The Eviction Process

The eviction process varies a great deal from state to state, and even on the local level. Almost all landlords will be required to go through a court process. This is true even if the landlord is not interested in trying to collect money.

To preserve the speedy nature of the summary eviction process many summary eviction statutes limit the defenses tenants can raise, and allow a dispositive hearing in an expedited civil litigation process.  Generally, the only defenses a tenant can raise are either procedural, or substantive defenses that would excuse the tenant’s breach (such as waiver, accord and satisfaction, etc.). The modern trend is to allow defenses such as retaliatory eviction, breach of a warranty of habitability, and discrimination claims. Additional defenses may be raised by residential tenants who receive federal “Section 8” benefits. Note that there are different Section 8 programs, each with a distinct set of rules.

The court’s jurisdiction to hear claims brought by the landlord are likewise limited in many states. In some states the only remedy the landlord can seek is possession. In most states, the landlord can also seek monetary judgment for damages related to the tenancy, such as unpaid rent.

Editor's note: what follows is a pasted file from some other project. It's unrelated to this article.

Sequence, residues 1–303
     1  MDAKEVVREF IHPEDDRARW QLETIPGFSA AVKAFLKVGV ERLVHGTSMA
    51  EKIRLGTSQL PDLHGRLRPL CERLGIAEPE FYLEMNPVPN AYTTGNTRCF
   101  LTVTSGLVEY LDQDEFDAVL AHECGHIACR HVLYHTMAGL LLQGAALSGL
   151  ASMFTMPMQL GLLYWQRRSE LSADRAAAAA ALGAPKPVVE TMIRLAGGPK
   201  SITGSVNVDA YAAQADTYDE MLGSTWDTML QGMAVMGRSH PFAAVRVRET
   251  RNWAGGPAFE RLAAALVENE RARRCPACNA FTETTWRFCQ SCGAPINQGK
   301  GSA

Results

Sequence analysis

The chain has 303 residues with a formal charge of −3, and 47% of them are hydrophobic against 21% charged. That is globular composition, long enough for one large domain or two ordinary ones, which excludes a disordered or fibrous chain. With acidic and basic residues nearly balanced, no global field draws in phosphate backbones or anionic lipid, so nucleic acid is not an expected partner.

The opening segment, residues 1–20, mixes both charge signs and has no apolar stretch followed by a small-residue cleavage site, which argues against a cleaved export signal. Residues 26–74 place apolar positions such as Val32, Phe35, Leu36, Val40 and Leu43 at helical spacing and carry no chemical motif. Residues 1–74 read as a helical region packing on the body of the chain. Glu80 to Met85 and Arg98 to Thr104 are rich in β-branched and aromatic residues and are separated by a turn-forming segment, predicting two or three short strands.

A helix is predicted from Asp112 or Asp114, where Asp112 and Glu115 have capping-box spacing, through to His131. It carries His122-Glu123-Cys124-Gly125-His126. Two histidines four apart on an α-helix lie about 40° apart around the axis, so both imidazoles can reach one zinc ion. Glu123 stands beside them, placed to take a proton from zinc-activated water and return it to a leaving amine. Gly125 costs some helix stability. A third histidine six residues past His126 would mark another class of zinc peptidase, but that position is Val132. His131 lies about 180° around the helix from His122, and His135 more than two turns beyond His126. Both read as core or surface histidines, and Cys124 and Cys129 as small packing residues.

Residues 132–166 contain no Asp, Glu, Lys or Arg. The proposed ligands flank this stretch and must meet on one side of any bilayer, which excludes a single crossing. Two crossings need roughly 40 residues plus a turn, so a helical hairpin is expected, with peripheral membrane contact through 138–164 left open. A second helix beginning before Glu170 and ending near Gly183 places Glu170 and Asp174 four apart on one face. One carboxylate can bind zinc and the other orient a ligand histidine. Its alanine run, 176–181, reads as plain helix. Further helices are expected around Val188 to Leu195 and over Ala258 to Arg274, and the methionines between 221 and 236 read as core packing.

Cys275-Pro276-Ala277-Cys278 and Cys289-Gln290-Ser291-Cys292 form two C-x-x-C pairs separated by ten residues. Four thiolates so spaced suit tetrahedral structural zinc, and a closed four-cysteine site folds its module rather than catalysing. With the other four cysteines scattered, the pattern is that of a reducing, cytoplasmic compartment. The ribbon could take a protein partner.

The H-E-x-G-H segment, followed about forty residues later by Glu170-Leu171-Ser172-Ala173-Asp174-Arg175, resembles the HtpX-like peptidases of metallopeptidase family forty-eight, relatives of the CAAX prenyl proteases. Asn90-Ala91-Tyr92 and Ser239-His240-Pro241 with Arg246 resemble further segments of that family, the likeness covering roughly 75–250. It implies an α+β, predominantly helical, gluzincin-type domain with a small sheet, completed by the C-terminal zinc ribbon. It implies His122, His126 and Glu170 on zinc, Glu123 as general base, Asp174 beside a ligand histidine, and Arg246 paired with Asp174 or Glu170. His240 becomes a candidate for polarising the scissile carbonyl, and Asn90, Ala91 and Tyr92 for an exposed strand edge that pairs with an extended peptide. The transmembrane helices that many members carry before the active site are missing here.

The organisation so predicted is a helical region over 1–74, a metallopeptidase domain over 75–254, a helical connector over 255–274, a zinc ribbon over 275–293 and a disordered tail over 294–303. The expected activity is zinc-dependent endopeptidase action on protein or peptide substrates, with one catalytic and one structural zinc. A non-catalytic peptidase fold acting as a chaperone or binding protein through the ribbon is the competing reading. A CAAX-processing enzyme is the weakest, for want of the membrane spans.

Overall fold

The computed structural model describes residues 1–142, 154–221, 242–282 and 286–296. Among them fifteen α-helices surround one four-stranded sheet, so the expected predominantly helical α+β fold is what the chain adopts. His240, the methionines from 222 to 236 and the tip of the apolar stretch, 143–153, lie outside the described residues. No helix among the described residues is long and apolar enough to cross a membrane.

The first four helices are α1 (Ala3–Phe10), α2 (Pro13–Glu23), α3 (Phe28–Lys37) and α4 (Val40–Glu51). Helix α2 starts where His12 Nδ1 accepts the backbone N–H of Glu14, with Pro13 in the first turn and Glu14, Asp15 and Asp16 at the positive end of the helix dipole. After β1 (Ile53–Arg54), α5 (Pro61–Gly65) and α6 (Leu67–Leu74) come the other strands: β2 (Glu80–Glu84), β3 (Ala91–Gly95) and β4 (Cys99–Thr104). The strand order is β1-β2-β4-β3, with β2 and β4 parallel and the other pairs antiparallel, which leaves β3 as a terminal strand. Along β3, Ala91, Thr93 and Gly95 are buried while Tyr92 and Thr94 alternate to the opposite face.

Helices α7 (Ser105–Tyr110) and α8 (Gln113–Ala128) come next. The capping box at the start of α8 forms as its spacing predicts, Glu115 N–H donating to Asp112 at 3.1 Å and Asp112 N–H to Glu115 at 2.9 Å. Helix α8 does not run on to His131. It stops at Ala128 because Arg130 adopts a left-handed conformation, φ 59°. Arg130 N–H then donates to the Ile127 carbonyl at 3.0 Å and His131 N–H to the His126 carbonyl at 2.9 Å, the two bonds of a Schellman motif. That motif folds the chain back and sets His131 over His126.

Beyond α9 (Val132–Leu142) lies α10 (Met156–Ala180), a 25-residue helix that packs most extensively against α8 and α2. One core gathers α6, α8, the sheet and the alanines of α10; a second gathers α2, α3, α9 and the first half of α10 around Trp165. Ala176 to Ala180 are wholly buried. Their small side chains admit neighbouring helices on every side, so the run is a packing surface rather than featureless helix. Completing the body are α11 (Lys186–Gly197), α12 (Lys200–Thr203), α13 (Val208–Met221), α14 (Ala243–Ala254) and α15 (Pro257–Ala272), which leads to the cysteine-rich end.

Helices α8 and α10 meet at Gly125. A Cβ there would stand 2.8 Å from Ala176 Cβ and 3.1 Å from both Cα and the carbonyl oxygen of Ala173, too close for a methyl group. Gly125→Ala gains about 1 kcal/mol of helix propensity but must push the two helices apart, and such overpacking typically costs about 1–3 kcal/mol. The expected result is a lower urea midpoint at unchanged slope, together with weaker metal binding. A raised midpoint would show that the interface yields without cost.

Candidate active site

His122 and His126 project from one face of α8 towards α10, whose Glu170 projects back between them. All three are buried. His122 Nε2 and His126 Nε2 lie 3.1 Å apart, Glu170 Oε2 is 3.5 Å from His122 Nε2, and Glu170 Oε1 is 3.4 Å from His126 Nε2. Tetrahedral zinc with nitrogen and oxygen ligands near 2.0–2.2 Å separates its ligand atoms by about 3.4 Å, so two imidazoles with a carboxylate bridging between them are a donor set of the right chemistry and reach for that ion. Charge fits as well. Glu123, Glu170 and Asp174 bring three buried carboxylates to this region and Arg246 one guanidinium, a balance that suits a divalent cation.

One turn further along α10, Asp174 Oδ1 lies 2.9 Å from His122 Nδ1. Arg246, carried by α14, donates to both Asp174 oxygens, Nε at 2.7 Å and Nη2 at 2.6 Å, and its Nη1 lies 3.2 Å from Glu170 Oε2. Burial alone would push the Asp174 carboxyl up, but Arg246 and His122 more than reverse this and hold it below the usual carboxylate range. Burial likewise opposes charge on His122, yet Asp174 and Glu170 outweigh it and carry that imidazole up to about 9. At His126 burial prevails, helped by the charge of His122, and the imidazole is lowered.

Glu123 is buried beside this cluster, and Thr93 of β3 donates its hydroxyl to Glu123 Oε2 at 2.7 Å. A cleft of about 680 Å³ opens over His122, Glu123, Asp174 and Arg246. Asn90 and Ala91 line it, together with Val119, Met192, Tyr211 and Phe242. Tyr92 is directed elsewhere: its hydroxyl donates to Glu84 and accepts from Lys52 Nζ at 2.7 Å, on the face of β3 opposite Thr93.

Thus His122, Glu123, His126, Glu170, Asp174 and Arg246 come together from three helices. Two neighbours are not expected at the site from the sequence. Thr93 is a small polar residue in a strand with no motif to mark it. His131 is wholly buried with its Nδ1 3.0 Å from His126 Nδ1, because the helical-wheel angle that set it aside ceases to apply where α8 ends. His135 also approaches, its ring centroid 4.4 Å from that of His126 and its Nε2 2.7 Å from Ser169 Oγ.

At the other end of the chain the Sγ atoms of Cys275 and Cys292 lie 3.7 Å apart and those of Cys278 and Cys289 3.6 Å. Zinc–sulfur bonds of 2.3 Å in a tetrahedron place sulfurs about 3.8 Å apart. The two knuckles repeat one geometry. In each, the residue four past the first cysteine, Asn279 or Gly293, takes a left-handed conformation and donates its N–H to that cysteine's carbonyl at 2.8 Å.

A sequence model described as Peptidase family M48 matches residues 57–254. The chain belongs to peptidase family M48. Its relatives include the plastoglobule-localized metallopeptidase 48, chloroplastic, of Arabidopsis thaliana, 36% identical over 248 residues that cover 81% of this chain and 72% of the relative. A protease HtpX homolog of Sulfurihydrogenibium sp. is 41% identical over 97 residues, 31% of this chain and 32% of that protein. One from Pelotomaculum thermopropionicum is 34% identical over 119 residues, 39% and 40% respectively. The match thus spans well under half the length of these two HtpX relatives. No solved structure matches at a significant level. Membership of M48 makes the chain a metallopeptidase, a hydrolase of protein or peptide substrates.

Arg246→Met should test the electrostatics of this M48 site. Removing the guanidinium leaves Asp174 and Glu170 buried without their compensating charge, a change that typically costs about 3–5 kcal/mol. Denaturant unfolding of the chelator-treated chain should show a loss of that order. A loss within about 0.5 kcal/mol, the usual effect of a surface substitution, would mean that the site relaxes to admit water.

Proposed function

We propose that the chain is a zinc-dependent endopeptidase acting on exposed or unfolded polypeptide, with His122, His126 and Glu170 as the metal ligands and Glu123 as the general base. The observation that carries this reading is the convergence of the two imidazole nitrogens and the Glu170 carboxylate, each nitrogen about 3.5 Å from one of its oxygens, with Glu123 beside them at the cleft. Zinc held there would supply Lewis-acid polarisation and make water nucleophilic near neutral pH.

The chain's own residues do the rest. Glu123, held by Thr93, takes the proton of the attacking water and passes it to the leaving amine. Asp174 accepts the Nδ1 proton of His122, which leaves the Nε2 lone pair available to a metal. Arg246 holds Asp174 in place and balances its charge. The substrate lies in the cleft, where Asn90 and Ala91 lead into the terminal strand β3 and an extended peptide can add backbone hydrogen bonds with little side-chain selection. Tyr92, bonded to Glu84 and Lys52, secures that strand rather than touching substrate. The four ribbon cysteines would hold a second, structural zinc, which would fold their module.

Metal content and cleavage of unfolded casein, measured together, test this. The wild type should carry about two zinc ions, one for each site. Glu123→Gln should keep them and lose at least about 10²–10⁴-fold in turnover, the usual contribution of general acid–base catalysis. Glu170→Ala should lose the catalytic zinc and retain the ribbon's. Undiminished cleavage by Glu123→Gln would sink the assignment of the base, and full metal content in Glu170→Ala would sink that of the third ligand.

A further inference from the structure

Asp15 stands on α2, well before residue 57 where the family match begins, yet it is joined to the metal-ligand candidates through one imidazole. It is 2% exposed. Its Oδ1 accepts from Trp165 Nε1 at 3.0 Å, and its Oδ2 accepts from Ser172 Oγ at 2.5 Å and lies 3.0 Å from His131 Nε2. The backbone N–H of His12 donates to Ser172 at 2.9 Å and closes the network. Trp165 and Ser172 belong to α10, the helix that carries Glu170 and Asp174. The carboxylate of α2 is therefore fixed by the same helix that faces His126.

In many jurisdictions the eviction process begins with a notice. This is often a notice to pay rent or vacate, or notice terminating a periodic tenancy. The rules for proper service of these eviction notices varies by state. In some states the cure period can be shortened or even waived by contract, while in many states such lease contact provision are not enforceable.

Typically the parties to the summary eviction process are the landlord and tenant. Some states allow a property manager or agent be the plaintiff. Usually a landlord or tenant can bring the summary eviction action against a sub-tenant. However, courts in some jurisdiction have ruled that as a matter of statutory interpretation a landlord may bring a summary eviction action against a sub-tenant if lease language so stipulates.

In some states, a purchaser at a foreclosure auction can utilize summary eviction procedures.

Some states allow a seller of real property to bring a summary eviction action against a purchaser in possession who failed to close the sale. In other states, courts have held that the seller cannot utilize the summary eviction process, but must instead bring an ejectment action.